I am a shamanic practitionerWe are shamanic practitioners. Shaman is a term conferred by one’s community, not on one’s self. More, teacher, writer, founder of Therapeutic Shamanism, and of the Three Ravens College of Therapeutic Shamanism and AnimismThe experience that everything is alive and has a soul. More.
I grew up in the north of England. At eighteen, I went to Lancaster University where I studied philosophy and social anthropology, primarily studying tribal (shamanic) cultures. After graduating, I worked for a few years in a hospital, teaching sign language, and in my spare time studied complementary medicine, counselling and psychotherapy, and explored various spiritual paths and practices. I set up in private practice as a therapist in the mid 1980s and have worked in the field ever since. I retired from one-to-one work a few years ago, but continue to teach and write.
The author Daniel Quinn, in his autobiographical book “Providence: The Story of a Fifty-Year Vision Quest” wrote that, sometimes, it is only as you move into the later stages of your life, that you can look back and see the times your SoulSoul is of the lower-world and the unique individual that Mother Earth wants us to be, the template for our life. Spirit is of the upper-world and a part of Father Sky. More was calling to you. That is certainly been true for me and shamanism, for shamanism has always been my Soul’s path, but that is something I did not always realise at the time.
I had several intense shamanic experiences in my early life, although I was well into adulthood before I understood them as such. At university, for reasons I did not understand, I was drawn to studying shamanic and animist cultures. I continued to explore shamanism in my 20s, but amongst a host of other things and without any great seriousness or commitment. Then, in my 30s, a series of events completely took me apart mentally, emotionally and spiritually, and very nearly killed me.
It was during the long and painstaking process of emerging from that crisis that shamanism stormed back into my life, this time in a serious way and here to stay. During that time though, shamanism felt like a very private part of my life, and something I discussed with very few people. I needed time to let it change me and, quietly but profoundly, remake me. Time to deepen my relationship with my shamanic Guides and soak up their teaching. In all that time, shamanism certainly never felt like something that I would ever teach. In spite of being a teacher, the thought never crossed my mind.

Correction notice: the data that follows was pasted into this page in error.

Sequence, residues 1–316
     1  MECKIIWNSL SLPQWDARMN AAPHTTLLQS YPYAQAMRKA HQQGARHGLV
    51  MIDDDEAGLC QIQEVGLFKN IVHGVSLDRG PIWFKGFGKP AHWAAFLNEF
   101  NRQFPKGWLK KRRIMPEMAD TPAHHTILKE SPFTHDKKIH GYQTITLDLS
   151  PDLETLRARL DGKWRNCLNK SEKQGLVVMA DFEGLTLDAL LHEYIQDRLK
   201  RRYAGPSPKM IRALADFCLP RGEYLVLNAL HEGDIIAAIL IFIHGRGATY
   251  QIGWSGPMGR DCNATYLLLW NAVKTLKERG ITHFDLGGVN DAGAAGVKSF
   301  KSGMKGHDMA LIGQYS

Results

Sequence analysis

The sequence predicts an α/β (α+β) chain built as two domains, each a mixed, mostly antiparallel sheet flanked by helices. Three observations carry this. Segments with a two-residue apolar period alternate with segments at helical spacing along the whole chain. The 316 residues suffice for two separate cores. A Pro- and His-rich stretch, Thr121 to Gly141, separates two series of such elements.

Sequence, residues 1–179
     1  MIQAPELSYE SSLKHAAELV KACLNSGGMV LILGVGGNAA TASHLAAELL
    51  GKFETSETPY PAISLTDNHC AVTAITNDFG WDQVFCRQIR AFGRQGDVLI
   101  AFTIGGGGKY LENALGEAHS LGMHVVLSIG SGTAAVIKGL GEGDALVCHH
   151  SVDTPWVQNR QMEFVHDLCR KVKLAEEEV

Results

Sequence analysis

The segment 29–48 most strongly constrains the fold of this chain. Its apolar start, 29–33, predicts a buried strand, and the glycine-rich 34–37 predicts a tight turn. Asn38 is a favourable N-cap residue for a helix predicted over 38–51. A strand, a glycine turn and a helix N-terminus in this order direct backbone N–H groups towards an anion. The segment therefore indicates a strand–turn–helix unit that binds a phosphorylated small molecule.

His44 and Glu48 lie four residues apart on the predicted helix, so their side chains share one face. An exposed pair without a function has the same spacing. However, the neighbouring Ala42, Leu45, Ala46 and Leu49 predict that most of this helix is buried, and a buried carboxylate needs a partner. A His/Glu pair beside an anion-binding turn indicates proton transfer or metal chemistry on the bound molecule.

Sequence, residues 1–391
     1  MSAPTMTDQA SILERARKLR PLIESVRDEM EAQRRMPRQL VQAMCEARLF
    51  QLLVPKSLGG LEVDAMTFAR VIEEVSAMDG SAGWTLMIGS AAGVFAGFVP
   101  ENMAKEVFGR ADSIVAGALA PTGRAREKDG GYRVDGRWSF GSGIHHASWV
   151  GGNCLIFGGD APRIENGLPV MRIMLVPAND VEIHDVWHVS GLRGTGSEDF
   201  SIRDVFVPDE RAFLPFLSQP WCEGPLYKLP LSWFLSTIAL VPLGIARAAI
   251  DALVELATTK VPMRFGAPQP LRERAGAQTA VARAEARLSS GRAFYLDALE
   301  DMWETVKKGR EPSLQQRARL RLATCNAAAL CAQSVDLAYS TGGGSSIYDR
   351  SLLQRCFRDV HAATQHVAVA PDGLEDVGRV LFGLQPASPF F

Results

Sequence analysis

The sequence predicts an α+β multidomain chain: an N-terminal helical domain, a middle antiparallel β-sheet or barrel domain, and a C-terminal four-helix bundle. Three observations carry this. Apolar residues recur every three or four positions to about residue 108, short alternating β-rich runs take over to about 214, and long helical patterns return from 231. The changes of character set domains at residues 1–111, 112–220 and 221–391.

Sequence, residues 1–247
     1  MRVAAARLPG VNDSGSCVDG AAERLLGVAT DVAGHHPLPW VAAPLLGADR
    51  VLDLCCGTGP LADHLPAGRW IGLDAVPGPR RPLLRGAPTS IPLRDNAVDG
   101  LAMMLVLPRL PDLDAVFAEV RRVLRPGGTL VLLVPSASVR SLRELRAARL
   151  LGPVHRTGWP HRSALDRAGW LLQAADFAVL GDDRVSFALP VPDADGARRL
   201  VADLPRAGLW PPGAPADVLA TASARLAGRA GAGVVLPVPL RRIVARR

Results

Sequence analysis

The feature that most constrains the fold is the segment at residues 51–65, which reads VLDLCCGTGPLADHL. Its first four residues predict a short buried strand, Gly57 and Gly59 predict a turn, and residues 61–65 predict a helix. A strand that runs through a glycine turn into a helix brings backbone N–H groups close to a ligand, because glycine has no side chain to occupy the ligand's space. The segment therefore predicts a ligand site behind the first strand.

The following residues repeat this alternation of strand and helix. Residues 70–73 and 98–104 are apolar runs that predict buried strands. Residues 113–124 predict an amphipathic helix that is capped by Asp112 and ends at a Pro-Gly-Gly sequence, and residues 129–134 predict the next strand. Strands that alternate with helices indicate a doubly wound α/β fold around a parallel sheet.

After many years, I emerged from that long time re-formed. Then, in my early 40s my Guides started to nag me about teaching shamanism. I resisted for years. My Guides persisted, and reluctantly I began to weave bits of shamanic work into the other teaching that I was doing. What astonished me was the way many students soaked it up and were thirsty for more, as if they had been waiting for it all their lives. Even so, it took another near-death experience for me to finally give in and stop being the reluctant teacher. Over the next few years, in 2007, I set up the Three Ravens College with my partner and fellow shamanic practitionerWe are shamanic practitioners. Shaman is a term conferred by one’s community, not on one’s self. More, Cat Anderson, and ten years later published the first book in the Therapeutic Shamanism series.
As well as drawing on my experience in shamanism and animismThe experience that everything is alive and has a soul. More, my teaching and writing is heavily influenced by my psychotherapy background too. The foundation of my psychotherapeutic work is humanistic, particularly Person-Centred, but is integrative and influenced by other approaches including process-orientated work, depth psychology, ecotherapy, parts-of-self models including Voice Dialogue Work and Internal Family Systems, Family Constellations, and neo-Reichian and other somatic and body-centered approaches.
These days, I am filled daily with deep gratitude (and still, some astonishment) that I can devote my life to practicing and teaching shamanism, and that people want to learn what I can share with them. Otherwise, I lead a quiet life. In 2014, my partner and I were able to move to North Wales, a landscape that we deeply love, to live a life more in contact with nature. I balance teaching and writing with spending time walking on the beach and in the hills, watching clouds and sunsets, foraging in my garden, cooking for my partner, holding her hand, reading, learning new things, thinking, feeling, occasionally wrestling inner demons, doing nothing in particular, talking to my Guides, and gazing adoringly at our four cats – Moon, Lynx, Fennec, and Elphn Y Fae.
Paul Francis, 2021.